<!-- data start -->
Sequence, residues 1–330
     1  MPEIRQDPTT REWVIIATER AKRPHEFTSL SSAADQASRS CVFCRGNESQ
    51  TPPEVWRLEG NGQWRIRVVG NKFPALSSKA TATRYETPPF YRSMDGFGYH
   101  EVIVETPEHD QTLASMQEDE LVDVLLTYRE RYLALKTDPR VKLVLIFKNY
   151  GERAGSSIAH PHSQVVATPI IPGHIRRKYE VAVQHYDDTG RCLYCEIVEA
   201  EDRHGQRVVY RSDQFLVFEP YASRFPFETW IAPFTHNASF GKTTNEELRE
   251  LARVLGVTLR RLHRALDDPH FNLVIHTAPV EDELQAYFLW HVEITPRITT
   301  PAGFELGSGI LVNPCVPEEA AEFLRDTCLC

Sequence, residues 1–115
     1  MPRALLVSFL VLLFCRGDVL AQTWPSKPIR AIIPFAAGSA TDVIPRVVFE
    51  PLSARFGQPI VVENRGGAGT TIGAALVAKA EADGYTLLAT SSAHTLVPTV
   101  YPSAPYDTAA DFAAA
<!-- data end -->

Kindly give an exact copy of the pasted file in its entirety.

Sequence, residues 1–330
     1  MPEIRQDPTT REWVIIATER AKRPHEFTSL SSAADQASRS CVFCRGNESQ
    51  TPPEVWRLEG NGQWRIRVVG NKFPALSSKA TATRYETPPF YRSMDGFGYH
   101  EVIVETPEHD QTLASMQEDE LVDVLLTYRE RYLALKTDPR VKLVLIFKNY
   151  GERAGSSIAH PHSQVVATPI IPGHIRRKYE VAVQHYDDTG RCLYCEIVEA
   201  EDRHGQRVVY RSDQFLVFEP YASRFPFETW IAPFTHNASF GKTTNEELRE
   251  LARVLGVTLR RLHRALDDPH FNLVIHTAPV EDELQAYFLW HVEITPRITT
   301  PAGFELGSGI LVNPCVPEEA AEFLRDTCLC

Sequence, residues 1–115
     1  MPRALLVSFL VLLFCRGDVL AQTWPSKPIR AIIPFAAGSA TDVIPRVVFE
    51  PLSARFGQPI VVENRGGAGT TIGAALVAKA EADGYTLLAT SSAHTLVPTV
   101  YPSAPYDTAA DFAAA